James DeGale & Badou Jack end their battle of Brooklyn in grueling draw
A night of high-octane drama preceded the main fight: on the undercard, there was a shock upset and a new champion crowned. Virtually unknown middleweight fighter Immanuwel Aleem dropped and then pummeled Ukraine’s Ievgen Khytrov, stopping the former Olympian in the sixth round.
In the chief supporting bout, hot prospect Gervonta Davis forced a technical knockout of IBF super featherweight champion Jose Pedraza. The 22-year-old Mayweather Promotions-backed Davis announced himself on the world stage with a glorious assault of Pedraza to smash the Puerto Rican’s unbeaten record.
Then came the main event. Davis’ Mayweather promotion stablemate Jack, who is now living in Las Vegas after moving back from his native Sweden, was aiming to beat Britain’s 2008 Olympic Gold Medal winner, James DeGale.
DeGale started off stronger and sat Jack on the seat of his camouflage trunks in the opening round with a short, stabbing straight left to the chin. Jack got up unhurt, however, and took the mandatory eight count before seeing out the rest of the round. Despite Jack gathering his senses, DeGale continued his early assault in the early rounds to establish himself as the early leader.
By Round 5, the action had slowed, but heated up again just as the bell rang. Just moments after the sound to end the session, Badou Jack threw a left hook that missed a ducking DeGale, but connected with the chin of referee Arthur Mercante Jr., who was attempting to separate the two fighters.
"You better knock him out now!" Mercante joked with Jack in his corner during the round break, having been sent flying and then caught from falling by the Swede in one fell swoop.
Much of the action through the middle of the fight saw momentum switching between the two fighters. Jack began to come on strong and use his natural weight advantage to tire out DeGale, whereas the Londoner responded with blistering hand speed, showing no signs of letting up in the face of sapping body shots from Jack.
On at least two occasions, DeGale lost his mouthpiece, which forced a doctor’s inspection for cuts inside of his mouth, and once again to check his balance, owing to the mouse that had begun protruding under his right eye. It was later reported that he lost a tooth in the exchanges fought without his gumshield.
Going into the championship rounds, the two fighters showed tremendous heart, keeping up a scorching pace. DeGale’s early lead had been cut by a relentless walking down from Jack, who could sense his opponent tiring. However, DeGale’s natural fitness and fleet-of-foot, honed in his local ballet schools in North London, managed to keep him out of harm’s way.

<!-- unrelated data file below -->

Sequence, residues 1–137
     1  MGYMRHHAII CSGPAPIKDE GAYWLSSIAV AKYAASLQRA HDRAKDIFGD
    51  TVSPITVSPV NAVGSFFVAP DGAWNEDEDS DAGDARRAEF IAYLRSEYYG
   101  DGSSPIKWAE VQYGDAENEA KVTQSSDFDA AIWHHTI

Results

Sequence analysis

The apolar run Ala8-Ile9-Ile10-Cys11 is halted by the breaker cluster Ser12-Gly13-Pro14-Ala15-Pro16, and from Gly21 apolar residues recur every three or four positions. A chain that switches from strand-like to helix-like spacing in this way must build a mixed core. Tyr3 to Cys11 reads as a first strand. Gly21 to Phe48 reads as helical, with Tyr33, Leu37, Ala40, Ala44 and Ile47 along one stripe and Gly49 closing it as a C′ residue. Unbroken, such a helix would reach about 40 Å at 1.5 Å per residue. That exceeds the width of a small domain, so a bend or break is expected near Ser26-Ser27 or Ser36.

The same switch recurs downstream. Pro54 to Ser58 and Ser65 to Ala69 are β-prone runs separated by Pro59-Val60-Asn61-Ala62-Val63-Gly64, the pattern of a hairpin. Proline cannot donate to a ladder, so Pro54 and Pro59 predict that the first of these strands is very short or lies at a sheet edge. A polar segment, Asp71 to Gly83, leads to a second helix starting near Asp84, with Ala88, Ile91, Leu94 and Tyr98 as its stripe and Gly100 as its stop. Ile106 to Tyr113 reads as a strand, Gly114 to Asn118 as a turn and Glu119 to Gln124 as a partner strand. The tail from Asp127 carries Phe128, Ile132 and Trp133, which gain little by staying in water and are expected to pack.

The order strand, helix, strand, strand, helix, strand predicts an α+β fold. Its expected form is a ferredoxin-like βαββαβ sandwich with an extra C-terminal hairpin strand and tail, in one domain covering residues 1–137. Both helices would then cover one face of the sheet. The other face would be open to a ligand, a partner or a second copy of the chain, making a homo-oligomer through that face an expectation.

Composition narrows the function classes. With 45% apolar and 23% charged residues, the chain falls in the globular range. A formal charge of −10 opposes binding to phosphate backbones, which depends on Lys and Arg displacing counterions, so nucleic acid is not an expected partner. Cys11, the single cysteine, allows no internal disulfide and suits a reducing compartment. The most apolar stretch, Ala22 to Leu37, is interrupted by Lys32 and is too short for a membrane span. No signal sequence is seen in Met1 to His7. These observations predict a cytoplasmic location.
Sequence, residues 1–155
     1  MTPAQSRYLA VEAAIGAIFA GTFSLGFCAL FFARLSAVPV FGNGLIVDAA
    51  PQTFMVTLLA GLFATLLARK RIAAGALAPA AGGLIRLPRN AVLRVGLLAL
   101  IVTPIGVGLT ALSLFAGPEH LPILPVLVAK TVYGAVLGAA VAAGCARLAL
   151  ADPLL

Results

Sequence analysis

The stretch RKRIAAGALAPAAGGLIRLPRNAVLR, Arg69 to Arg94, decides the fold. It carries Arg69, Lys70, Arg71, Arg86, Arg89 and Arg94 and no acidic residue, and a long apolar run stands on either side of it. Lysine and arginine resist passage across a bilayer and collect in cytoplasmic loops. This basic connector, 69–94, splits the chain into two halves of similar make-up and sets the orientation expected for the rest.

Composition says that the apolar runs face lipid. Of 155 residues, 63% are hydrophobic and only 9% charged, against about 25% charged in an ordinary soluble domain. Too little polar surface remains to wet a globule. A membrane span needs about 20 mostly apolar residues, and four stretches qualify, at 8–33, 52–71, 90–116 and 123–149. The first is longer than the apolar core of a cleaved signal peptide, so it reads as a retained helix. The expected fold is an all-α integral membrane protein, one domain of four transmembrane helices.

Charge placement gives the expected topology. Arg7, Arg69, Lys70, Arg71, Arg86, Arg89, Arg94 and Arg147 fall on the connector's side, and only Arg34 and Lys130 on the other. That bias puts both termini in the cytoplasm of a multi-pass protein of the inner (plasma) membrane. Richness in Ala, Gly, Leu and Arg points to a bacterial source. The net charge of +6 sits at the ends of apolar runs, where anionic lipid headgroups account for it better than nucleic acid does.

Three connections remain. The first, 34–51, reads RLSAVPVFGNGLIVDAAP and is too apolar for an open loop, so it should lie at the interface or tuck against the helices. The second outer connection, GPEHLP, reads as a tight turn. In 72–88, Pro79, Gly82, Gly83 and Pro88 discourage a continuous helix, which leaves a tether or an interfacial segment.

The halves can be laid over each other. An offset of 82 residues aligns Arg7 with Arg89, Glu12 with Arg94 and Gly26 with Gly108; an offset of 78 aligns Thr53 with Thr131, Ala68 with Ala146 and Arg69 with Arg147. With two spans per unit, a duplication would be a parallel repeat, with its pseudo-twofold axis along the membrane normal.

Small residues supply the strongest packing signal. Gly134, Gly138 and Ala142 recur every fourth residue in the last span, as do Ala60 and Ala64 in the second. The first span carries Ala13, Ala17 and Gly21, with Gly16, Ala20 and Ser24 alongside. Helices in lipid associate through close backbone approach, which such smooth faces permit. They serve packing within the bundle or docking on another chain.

That was until the 12th and final round, when Jack landed a chopping left hook that caught his man on the side of the head. A delayed reaction saw DeGale backtrack until his legs gave out from under him and he fell to the ground exhausted. Jack stood over his fallen victim with an assured stare to let him know that there was more to come should he arise.
And he did, shakily rising to his feet. Jack went on the attack looking for the late stoppage, but DeGale refused to hold on and fired back, though he had ultimately lost the round.
As the bell sounded, the crowd in the Barclays Center saluted the two warriors and the decision was left up to the ringside judges. One judge scored the bout 114-112 for DeGale. The remaining two were identical at 113-113, meaning the bout was scored a majority draw and both fighters kept their belts.
“He was doing a lot of running. He was throwing a lot of shots on my guard. I thought I won the fight,” said Jack in a post-fight interview with ShowTime’s Jim Gray. “I finished stronger. His knockdown was a flash knockdown. No excuses,” he said.
“I was off balance when he got me!” interjected an always lively DeGale. “Don’t listen to this rubbish. Listen I’ve got huge respect for this man. He showed he’s tough, he’s durable, he’s skillful – you the man! I thought I won,” he said.
“By the way, look at my teeth,” said DeGale, pointing at his missing denture in a nod to his opponent’s toughness. “[I’m a] soldier, soldier. Don’t worry I’m still pretty. I threw the cleaner shots I was moving my feet picking his head off. Listen let’s do it again. Let’s do it again,” he said.
DeGale implored Jack to come to London to fight him on his own turf, but that might hamper Jack’s plans to move up to light-heavyweight and challenge pound-for-pound superstar Andre Ward. That would suit DeGale’s fellow Brit Callum Smith, who is next in line to fight for the WBC, should it be vacant.
Jack’s promoter, Floyd Mayweather Jr., who himself has offers to enter the ring versus MMA fighter Conor McGregor, said Jack would move up.
“Badou Jack has gotten too big for the 168 pound [division]. He have plans on moving up to light heavyweight,” he said.